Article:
The U.S. Department of Defense is confirmed to have conveyed to Seoul that the issue of U.S. troops stationed in South Korea is irrelevant with the North Korea-U.S. dialogue on denuclearization.
According to multiple officials in Seoul, the Defense Department clarified its official position regarding remarks made Tuesday by General Robert Abrams, commander of U.S. Forces Korea.
During a Senate hearing, Abrams was asked by Senator Angus King about the need for U.S. Forces Korea to deter North Korea's conventional military threats even after the possible elimination of the regime's nuclear threat.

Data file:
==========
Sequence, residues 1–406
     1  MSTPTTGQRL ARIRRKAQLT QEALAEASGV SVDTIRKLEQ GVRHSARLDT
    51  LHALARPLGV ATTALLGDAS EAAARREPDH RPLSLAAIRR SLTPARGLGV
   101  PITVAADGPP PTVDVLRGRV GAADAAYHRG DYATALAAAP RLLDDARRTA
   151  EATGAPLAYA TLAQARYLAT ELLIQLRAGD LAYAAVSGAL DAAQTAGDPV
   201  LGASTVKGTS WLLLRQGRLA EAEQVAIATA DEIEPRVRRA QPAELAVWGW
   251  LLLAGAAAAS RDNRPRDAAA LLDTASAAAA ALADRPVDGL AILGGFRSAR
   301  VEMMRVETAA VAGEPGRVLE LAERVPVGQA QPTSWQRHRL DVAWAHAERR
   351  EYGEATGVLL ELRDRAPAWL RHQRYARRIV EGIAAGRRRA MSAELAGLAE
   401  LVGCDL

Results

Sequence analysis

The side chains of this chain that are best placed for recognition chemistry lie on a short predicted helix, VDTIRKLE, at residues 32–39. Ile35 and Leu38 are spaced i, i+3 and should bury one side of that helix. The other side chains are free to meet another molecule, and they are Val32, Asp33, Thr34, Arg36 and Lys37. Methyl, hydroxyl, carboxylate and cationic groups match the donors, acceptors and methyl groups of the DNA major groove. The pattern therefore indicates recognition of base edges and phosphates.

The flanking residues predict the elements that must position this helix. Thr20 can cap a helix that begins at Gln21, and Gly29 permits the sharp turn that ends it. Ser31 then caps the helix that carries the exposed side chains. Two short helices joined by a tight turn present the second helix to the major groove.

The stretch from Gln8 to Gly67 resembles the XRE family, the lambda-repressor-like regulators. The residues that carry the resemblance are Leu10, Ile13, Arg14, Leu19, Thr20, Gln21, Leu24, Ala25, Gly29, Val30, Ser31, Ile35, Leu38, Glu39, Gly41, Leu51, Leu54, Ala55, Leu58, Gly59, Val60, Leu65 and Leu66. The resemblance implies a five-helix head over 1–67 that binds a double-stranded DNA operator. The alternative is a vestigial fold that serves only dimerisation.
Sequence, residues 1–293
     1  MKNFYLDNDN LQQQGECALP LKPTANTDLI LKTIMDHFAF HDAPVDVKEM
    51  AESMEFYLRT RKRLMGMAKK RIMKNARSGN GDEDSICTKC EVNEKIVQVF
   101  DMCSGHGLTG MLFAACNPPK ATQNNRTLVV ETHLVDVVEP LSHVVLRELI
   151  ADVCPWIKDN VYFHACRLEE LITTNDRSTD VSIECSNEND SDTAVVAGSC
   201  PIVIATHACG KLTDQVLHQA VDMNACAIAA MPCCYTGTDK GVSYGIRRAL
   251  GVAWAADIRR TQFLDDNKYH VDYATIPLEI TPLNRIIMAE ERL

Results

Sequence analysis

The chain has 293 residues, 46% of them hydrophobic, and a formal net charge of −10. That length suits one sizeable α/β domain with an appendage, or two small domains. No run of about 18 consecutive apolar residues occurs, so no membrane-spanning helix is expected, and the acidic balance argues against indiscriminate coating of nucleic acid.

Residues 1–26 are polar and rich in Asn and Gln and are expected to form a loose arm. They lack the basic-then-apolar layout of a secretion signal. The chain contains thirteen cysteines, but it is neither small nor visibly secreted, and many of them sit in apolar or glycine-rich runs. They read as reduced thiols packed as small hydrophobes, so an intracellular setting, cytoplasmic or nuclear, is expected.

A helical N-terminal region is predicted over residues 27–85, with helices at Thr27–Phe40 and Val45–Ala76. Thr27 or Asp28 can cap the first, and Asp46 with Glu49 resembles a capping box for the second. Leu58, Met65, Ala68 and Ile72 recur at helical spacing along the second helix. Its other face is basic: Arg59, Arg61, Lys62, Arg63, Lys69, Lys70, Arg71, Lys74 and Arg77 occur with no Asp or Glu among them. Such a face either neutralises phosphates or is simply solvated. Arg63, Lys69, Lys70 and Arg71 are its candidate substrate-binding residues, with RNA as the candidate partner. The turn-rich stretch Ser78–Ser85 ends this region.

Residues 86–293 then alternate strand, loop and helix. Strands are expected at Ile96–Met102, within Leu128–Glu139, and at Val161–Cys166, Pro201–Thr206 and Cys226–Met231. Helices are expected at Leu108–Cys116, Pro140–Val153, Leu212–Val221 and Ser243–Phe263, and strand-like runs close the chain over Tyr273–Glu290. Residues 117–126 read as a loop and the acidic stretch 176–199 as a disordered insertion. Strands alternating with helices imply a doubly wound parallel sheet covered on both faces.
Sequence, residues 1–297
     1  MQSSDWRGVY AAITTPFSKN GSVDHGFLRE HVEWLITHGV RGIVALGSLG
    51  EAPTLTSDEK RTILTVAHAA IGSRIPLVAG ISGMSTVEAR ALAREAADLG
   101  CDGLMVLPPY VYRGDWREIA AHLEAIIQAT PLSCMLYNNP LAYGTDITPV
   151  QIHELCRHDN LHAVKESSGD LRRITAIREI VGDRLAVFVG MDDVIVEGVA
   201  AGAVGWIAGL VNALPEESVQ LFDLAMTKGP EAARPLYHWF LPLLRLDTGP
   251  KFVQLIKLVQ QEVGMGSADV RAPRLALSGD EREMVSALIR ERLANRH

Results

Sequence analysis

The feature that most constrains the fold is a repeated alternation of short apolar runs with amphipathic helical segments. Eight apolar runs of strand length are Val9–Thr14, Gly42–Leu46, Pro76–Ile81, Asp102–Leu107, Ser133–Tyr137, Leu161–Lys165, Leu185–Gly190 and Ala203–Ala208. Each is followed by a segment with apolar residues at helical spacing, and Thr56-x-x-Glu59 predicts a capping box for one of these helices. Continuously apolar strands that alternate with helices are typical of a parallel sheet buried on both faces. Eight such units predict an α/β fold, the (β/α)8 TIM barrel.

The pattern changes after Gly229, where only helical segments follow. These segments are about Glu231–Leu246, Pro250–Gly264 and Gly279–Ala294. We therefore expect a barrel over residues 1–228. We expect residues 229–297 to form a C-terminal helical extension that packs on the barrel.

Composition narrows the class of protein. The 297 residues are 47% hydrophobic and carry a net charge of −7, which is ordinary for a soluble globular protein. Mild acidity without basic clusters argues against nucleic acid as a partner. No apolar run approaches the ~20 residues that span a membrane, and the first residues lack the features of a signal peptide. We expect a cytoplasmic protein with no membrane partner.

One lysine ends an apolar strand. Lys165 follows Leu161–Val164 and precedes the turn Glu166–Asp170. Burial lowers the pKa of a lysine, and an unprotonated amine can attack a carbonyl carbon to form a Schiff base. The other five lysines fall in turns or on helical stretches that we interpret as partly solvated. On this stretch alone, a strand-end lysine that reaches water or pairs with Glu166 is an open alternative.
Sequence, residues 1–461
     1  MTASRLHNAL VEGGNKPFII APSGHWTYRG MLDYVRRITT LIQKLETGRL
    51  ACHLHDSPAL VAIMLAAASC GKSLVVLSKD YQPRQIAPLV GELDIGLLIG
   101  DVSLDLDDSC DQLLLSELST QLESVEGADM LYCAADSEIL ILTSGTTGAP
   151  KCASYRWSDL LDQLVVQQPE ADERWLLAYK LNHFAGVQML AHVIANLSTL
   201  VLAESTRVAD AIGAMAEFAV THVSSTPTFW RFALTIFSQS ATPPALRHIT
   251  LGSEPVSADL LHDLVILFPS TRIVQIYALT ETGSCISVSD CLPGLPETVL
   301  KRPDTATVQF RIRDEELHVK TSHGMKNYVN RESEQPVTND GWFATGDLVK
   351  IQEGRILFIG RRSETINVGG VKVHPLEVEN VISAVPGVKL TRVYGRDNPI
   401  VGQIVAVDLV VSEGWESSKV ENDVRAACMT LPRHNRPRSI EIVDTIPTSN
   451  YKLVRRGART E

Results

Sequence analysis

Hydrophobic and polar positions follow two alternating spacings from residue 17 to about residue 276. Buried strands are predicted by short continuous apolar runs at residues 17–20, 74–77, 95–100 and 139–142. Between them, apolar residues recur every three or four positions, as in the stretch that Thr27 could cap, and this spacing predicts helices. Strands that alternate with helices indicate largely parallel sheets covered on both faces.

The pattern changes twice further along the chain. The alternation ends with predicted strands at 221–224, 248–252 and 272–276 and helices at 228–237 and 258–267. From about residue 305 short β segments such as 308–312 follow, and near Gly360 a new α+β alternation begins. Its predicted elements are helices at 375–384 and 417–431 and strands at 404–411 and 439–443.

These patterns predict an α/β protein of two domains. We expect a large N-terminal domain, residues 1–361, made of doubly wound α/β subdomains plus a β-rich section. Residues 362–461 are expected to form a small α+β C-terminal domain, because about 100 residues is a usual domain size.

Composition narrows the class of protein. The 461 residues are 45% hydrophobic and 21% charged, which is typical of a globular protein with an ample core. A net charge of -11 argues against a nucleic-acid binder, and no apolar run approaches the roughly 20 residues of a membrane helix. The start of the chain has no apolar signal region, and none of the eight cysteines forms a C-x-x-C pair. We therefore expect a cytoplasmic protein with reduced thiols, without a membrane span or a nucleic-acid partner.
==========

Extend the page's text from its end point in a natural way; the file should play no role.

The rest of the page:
The general’s response suggested that U.S. troop presence is necessary until a peace treaty comes, but that U.S. forces on the Korean Peninsula may be reconsidered once such a treaty is signed. This led defense authorities in Seoul to seek clarification from Washington.
In conveying its stance, the U.S. Defense Department said that USFK and nuclear negotiations are separate and that it has not discussed or has any plans to pull out or reduce U.S. troop presence in Korea in relation to a peace treaty.